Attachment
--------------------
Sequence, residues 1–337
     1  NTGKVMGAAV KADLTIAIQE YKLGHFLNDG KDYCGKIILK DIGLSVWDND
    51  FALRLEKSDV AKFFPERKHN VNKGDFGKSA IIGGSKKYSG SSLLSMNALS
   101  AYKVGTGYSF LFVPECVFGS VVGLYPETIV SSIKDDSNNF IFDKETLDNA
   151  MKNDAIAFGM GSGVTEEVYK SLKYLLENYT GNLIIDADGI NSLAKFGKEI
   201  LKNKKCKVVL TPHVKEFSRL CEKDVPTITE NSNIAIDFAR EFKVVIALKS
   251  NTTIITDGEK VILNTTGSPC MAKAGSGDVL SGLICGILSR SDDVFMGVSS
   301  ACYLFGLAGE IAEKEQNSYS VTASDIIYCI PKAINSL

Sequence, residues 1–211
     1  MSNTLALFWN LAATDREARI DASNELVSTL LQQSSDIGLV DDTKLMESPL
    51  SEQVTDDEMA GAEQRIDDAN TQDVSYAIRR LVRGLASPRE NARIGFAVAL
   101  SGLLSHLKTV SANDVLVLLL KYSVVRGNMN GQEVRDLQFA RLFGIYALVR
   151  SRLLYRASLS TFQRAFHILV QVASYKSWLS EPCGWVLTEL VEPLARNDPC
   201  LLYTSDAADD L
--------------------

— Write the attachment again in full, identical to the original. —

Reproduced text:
Sequence, residues 1–337
     1  NTGKVMGAAV KADLTIAIQE YKLGHFLNDG KDYCGKIILK DIGLSVWDND
    51  FALRLEKSDV AKFFPERKHN VNKGDFGKSA IIGGSKKYSG SSLLSMNALS
   101  AYKVGTGYSF LFVPECVFGS VVGLYPETIV SSIKDDSNNF IFDKETLDNA
   151  MKNDAIAFGM GSGVTEEVYK SLKYLLENYT GNLIIDADGI NSLAKFGKEI
   201  LKNKKCKVVL TPHVKEFSRL CEKDVPTITE NSNIAIDFAR EFKVVIALKS
   251  NTTIITDGEK VILNTTGSPC MAKAGSGDVL SGLICGILSR SDDVFMGVSS
   301  ACYLFGLAGE IAEKEQNSYS VTASDIIYCI PKAINSL

Sequence, residues 1–211
     1  MSNTLALFWN LAATDREARI DASNELVSTL LQQSSDIGLV DDTKLMESPL
    51  SEQVTDDEMA GAEQRIDDAN TQDVSYAIRR LVRGLASPRE NARIGFAVAL
   101  SGLLSHLKTV SANDVLVLLL KYSVVRGNMN GQEVRDLQFA RLFGIYALVR
   151  SRLLYRASLS TFQRAFHILV QVASYKSWLS EPCGWVLTEL VEPLARNDPC
   201  LLYTSDAADD L